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How to Spot Crypto Fraud Immediately and Invest Safely


Since the crypto sector as a completely new industry opens up numerous business opportunities, it will also attract crypto fraud (as does everything else where money can be made). Before deciding on an investment, you should therefore never forget to do your own research and make sure that you really understand what you are spending your hard-earned money on. If you stick to this mantra, then you will quickly notice which offers are legitimate and which are rather questionable.

Recognizing crypto fraud early on saves you time, effort and many tears.

However, a comprehensive search takes a lot of effort and time, which is usually limited. An additional benefit is therefore knowing the basic features of crypto fraud and scam coins. After all, this way you have the opportunity to sort out scam coins as quickly as possible and invest your time in the really interesting investment opportunities.

At first glance, the identification of scam coins or other crypto scams may not always be that easy. But if you look more closely, you will notice characteristics that most offers with fraudulent intent have in common. In this article, you’ll find the biggest red flags that show you which crypto offerings should not be regarded as serious investment opportunities.


The 5 most common red flags of a scam coin

Fortunately, most scam coins do not even bother to cover up their intentions. Also, even if that’s not true for everyone, many crypto scams count on you not doing any due diligence research and the allure of their promise of profit. Apart from these promises, however, their business model usually stands on shaky ground and is kept rather ominous. If you know the biggest red flags, most scam coins can be quickly identified.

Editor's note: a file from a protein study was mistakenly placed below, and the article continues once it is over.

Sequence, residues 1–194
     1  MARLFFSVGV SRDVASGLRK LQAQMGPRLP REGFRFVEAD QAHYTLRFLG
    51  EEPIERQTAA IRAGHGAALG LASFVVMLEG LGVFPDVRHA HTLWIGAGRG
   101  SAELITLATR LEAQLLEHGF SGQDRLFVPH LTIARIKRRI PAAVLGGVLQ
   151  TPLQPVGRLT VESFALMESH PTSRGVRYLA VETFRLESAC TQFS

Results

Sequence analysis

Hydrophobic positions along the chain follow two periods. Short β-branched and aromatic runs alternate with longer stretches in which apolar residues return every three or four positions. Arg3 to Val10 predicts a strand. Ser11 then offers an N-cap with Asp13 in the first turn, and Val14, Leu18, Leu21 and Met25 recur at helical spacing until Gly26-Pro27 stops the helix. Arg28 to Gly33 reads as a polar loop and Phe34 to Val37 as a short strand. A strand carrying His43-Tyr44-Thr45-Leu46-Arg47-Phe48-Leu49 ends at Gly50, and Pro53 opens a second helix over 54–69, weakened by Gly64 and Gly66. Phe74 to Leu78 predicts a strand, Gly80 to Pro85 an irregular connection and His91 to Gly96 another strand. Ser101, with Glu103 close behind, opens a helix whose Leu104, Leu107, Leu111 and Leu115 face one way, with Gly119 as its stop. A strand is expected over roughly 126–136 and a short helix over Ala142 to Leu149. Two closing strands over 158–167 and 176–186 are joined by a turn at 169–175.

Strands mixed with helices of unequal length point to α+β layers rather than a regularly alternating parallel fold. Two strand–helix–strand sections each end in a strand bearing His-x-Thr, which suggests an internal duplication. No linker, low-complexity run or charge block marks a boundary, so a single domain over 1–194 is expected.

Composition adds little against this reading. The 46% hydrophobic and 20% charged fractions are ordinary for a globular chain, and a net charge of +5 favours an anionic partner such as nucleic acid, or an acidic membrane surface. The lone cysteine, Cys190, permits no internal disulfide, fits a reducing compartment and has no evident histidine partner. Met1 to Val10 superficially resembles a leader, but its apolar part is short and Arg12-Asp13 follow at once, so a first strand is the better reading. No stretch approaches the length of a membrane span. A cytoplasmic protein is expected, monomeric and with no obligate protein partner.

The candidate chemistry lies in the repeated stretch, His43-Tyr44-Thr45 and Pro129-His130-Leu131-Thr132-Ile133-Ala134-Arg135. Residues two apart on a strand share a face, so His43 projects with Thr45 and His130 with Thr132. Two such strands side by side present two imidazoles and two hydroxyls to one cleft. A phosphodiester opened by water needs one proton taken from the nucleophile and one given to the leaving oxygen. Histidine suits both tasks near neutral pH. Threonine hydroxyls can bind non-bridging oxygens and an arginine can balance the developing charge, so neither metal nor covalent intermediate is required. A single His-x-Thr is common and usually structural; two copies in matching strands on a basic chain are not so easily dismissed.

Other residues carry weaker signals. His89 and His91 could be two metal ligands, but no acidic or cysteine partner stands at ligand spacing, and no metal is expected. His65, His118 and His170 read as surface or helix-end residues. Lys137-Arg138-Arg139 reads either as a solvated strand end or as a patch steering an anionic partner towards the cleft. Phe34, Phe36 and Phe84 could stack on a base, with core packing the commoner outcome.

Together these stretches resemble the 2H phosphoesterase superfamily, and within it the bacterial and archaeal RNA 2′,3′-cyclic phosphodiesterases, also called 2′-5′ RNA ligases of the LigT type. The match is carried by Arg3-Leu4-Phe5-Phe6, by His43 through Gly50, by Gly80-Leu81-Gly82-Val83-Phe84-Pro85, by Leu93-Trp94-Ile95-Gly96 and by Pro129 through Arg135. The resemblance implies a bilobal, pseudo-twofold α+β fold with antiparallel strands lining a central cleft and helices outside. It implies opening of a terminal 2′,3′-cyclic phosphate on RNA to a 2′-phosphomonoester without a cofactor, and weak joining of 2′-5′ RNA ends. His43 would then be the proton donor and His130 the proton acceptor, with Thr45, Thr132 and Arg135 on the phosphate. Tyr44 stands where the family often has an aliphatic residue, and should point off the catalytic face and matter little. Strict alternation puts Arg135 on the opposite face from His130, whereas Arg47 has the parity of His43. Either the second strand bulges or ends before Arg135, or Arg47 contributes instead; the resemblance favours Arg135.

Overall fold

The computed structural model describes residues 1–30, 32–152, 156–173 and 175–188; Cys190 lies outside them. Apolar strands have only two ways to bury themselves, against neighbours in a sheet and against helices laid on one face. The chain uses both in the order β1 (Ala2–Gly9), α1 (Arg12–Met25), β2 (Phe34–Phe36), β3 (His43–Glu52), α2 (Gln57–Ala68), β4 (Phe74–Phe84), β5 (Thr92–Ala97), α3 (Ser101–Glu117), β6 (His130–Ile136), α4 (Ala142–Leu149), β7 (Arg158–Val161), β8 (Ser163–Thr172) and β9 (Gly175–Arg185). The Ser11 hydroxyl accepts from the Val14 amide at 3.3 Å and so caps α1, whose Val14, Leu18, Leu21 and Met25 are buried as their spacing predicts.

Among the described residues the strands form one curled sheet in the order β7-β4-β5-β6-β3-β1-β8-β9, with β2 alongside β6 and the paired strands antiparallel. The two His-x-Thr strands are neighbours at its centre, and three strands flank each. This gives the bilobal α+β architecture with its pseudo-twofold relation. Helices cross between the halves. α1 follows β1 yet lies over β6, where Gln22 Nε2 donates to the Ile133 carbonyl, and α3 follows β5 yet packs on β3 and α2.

These red flags should make you run for the hills:

  1. The team members do not appear in person.
  2. The white paper is non-existent, incomplete or does not seem well thought through.
  3. There are no or very few information about the coin on the internet (see e.g. Reddit).
  4. The basic code of the project is not open source and thus not freely visible.
  5. You are promised a safe (and usually faster than usual) profit.


You should also stay away from the these investment models

Of course, simply buying a specific currency directly isn’t all the crypto world has to offer. To protect you from crypto fraud, it is also worth taking a closer look at the underlying business model in these cases as well. If you pay attention to a few key features, you can quickly uncover investment offers, you should better keep your hands off.

Avoid the following:

  1. Offers that promise constant profits (subscription packages, cloud mining offers, etc.)
    At first, these usually pay their users the promised profits for a while. However, once they have attracted enough customers, the crypto fraud is usually revealed by the fact that the operators suddenly disappear overnight with all the invested funds. Even if you are one of the lucky few to get something out of it in the early stages, the money is only paid out after jumping through hoops (e.g. you can only withdraw money after a certain period of time has passed).
  2. Ponzi schemes (e.g. Bitconnect)
    Ever heard of an insider tip for which you only need to register for a fee and recommend a specific product to others to earn a quick and high commission? If this is the main purpose of the business, then it is a snowball system. The profit of such businesses do not result from the sold product, but from the paid fees of the participants. These systems are commonly used for crypto fraud, which ends when the operators run off once they made enough profit.

But what about Binance and their recommendation system? Is there a difference?